CRN: How will you do that?

Cook: We have subscription models today in much of our portfolios. So it's really how to integrate that into our infrastructure offerings and solutions because we know that increasingly that's the way customers want to buy. You'll also really see us try and capitalize on the market opportunity we see around software-defined and converged enterprise, driving more granularity into our program. We see really huge market momentum and adoption and we're trying to help the partners participate in that in a meaningful way. When you look at the investments we're making in Dell-badged resources in the field, to create awareness and demand for Dell and where we see really great market momentum in products and portfolios, we're trying to refine and tailor our programs to let partners participate in that in a meaningful and lucrative way.

CRN: Where are you seeing the strongest growth in enterprise?

Cook: Our server franchise and 13G has just been phenomenally received. We're just seeing faster-than-we-anticipated uptake on 13G and converged infrastructure. We're taking share and we're seeing robust growth there. Windows 2003 Server sunset, we've got a fabulous program that we've taken to the market on that. That's beginning to resonate, which is delivering growth. In storage, when you look at the way that market is moving, and you look at some of these pure-play storage guys, our storage business is growing faster than the pure-play guys. Our networking business is continuing to grow in strong double digits. Part of it is just good products, and part of it is just reaching the marketplace in a way that is meaningful for our partners to satisfy that need at attractive price points.

CRN: Talk about the Dell-Nutanix hyper-converged product. How is that resonating?

Cook: It's just further evidence of our commitment to the open strategy and approach. Partnerships like Nutanix [are] going to continue to be part of our strategy on time to market. You take the winning, leading server franchise we have with some of the innovative technology Nutanix brings, it's more in line with our approach to help customers and counsel them through the journey in the data center than a locked-in approach. You're going to continue to see us forge and foster those types of alliances and relationships. We have Nutanix partners. We have Dell partners who were also Nutanix partners. Then we certainly have Nutanix partners that weren't Dell that saw the opportunity to come and explore the rest of our program and what might be open to them in servers and other parts of the business. We're benefiting from both.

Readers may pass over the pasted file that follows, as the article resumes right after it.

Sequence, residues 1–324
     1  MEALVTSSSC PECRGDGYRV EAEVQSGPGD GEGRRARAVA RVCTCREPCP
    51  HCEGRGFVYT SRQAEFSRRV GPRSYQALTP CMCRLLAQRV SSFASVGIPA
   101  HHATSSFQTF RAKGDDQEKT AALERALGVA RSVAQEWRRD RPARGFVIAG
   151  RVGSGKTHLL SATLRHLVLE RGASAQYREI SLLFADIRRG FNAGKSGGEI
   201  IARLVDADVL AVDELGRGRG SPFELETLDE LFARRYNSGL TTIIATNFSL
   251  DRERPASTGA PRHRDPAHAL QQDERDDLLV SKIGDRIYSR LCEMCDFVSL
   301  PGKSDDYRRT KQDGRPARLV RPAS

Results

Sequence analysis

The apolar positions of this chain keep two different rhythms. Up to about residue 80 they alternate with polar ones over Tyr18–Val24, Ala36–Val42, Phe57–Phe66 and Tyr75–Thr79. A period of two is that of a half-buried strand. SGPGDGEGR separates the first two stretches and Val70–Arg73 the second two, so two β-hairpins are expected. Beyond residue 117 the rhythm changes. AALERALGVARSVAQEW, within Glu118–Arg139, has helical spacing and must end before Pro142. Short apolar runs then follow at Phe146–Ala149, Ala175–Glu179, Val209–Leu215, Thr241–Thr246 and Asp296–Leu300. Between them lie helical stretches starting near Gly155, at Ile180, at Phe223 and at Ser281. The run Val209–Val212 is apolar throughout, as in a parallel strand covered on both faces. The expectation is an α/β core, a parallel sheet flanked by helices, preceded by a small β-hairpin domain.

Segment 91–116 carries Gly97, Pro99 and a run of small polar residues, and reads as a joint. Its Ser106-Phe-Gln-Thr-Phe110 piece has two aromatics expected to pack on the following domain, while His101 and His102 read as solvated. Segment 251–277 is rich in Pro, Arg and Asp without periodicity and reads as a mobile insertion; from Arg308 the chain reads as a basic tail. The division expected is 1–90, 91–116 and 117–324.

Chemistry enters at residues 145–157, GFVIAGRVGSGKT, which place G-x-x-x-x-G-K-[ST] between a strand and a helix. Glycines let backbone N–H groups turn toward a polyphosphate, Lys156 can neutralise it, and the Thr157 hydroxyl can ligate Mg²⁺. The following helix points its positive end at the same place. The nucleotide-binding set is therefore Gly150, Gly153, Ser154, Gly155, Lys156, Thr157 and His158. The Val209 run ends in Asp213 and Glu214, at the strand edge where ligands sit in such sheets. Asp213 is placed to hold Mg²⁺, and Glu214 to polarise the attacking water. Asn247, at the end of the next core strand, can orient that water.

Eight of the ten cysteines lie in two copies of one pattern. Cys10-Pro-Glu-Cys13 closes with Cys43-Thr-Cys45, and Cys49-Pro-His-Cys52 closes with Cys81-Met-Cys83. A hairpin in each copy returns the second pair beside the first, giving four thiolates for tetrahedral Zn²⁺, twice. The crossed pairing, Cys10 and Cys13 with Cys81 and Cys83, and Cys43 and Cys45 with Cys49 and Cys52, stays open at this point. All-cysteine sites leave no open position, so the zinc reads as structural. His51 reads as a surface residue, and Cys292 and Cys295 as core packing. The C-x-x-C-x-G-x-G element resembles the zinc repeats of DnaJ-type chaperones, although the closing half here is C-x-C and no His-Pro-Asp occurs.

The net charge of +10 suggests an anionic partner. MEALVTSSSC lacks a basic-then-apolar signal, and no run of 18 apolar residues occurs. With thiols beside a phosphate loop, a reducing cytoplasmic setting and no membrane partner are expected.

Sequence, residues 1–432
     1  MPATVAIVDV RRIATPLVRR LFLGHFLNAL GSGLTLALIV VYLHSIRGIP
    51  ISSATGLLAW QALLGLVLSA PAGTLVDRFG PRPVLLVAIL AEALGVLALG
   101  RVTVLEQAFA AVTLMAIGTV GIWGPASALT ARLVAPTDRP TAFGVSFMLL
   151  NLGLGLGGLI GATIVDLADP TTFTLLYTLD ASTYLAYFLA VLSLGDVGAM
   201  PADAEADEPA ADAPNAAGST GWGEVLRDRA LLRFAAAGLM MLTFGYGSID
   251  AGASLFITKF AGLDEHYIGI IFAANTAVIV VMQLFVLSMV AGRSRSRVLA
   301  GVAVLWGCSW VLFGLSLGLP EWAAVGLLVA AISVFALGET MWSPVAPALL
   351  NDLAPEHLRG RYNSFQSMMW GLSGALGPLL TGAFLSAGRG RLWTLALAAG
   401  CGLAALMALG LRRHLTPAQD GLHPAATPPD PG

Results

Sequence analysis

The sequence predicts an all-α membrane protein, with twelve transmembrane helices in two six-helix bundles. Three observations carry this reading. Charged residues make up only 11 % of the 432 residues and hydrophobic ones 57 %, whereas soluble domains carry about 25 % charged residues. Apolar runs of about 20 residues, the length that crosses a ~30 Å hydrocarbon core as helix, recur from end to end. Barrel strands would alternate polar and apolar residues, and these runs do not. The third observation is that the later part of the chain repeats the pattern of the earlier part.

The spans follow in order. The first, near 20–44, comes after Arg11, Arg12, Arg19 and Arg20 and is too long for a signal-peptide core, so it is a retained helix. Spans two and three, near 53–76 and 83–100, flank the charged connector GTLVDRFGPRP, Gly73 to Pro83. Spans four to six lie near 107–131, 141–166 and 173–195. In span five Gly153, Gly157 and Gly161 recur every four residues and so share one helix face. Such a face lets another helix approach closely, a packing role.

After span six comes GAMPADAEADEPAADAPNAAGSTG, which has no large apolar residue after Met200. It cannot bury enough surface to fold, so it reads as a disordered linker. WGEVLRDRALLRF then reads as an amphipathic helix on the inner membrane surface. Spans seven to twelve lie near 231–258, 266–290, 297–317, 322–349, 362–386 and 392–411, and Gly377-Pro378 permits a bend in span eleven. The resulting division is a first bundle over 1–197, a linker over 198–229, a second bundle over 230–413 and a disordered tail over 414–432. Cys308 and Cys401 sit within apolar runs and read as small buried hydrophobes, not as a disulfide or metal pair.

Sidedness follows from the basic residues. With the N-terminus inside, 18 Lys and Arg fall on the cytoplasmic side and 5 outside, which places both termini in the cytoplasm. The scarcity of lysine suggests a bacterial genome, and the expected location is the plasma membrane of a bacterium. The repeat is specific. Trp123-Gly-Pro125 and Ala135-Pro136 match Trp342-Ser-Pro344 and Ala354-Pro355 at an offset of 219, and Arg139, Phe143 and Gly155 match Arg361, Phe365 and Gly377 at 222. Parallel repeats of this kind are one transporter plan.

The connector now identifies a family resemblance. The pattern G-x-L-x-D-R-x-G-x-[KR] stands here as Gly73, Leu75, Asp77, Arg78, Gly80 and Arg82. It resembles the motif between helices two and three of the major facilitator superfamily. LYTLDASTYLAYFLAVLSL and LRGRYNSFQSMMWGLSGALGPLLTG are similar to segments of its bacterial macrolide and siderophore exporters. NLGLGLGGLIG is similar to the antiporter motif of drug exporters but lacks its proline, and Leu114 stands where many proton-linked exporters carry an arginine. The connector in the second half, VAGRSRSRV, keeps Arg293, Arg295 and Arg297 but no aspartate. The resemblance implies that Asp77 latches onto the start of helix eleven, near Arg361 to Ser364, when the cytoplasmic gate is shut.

CRN: Do you have any data on Cisco guys coming into the Dell program?

Cook: I don't have any specific data on our recruitment agenda on Nutanix via Cisco. I could start tracking some of that. I have growth and adoption. Are we attracting those partners, and are they attracted to Dell because of this avenue and path around a hyper-converged solution or is it just a portfolio in general that they can participate in? We're going to continue to exploit the end-to-end solution. Nutanix is in the portfolio, as are our core offerings and FX. It's incredibly good technology, and it gives them a broader, more diverse bag of tools to be able to work with our clients on.

CRN: What's the biggest myth about the Dell channel program?

Cook: To be honest, the biggest source of feedback we get is on engagement, not on the program. We test and validate and try and ensure that we're not breathing our own oxygen on market competitiveness, and [make it] easy to understand. One of the tenets of our program was to be simple and be straightforward. I'm going to continue to always test that and try and enhance so we don't lose that process, so they don't have to have a host of administrators accounting where they are in our program. We want to continue to maintain that while at the same time giving them the path of accelerated growth as it suits their business model. I'm very sensitive to the fact that my ecosystem now has very specialized partners, and it also has very broad infrastructure partners.